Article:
Millions of documents stored in archives could provide scientists with the key to tracing the development of agriculture in the British Isles over the last 700 years, according to new research.
But the crucial information the documents hold is not contained in their texts but the parchment on which it is written.
Researchers at the University of York and Trinity College Dublin extracted ancient DNA and protein from tiny samples of parchment from documents from the late 17th and late 18th centuries. The resulting information enabled them to establish the species type of animals from which the parchment was made.
They say the research, published in Philosophical Transactions of the Royal Society B, gives scientists a potentially unrivalled resource to analyse the development of livestock husbandry across the centuries. Researchers in the Centre for Excellence in Mass Spectrometry at York extracted collagen from two tiny samples of parchment provided by its Borthwick Institute for Archives.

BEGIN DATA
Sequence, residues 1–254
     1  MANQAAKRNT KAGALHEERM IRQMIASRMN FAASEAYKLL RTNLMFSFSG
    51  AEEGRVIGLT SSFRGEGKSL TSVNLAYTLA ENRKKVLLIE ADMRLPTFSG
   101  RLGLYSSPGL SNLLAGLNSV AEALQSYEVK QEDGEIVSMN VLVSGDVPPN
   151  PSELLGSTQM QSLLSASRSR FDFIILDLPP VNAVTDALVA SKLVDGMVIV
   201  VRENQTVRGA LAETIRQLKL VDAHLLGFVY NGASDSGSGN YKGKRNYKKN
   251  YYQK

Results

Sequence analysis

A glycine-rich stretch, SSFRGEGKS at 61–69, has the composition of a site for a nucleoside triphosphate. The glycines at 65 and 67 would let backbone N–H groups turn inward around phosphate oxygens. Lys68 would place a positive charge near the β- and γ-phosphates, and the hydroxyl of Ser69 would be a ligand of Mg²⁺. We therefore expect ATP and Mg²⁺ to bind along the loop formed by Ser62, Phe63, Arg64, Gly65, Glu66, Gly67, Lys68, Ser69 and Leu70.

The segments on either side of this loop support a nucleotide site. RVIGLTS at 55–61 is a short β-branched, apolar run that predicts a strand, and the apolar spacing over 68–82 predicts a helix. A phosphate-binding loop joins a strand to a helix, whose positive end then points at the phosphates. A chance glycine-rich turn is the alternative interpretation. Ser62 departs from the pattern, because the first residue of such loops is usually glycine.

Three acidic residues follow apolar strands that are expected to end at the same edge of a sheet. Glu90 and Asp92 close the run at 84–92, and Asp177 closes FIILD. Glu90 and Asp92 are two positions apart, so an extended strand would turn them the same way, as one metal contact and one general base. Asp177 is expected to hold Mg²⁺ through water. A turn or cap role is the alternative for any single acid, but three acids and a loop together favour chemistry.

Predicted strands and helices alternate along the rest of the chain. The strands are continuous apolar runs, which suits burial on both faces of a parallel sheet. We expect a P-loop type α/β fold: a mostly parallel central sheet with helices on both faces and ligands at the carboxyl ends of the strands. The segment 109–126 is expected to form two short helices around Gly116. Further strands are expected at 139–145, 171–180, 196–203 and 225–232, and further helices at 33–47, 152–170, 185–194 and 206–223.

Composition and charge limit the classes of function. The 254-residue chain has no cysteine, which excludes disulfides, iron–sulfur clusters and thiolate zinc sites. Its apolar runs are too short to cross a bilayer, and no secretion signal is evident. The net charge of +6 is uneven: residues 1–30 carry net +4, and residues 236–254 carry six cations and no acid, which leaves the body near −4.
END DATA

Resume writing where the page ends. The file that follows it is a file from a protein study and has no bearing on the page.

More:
Scientists at Trinity College extracted DNA from the same parchment samples.
Professor Matthew Collins, of the Department of Archaeology at York, said: “We believe the two specimens derive from an unimproved northern hill-sheep typical in Yorkshire in the 17th century, and from a sheep derived from the ‘improved’ flocks, such as those bred in the Midlands by Robert Bakewell, which were spreading through England in the 18th century.
“This pilot project suggests that parchments are an amazing resource and there are millions stored away in libraries, archives, solicitors’ offices and private hands.”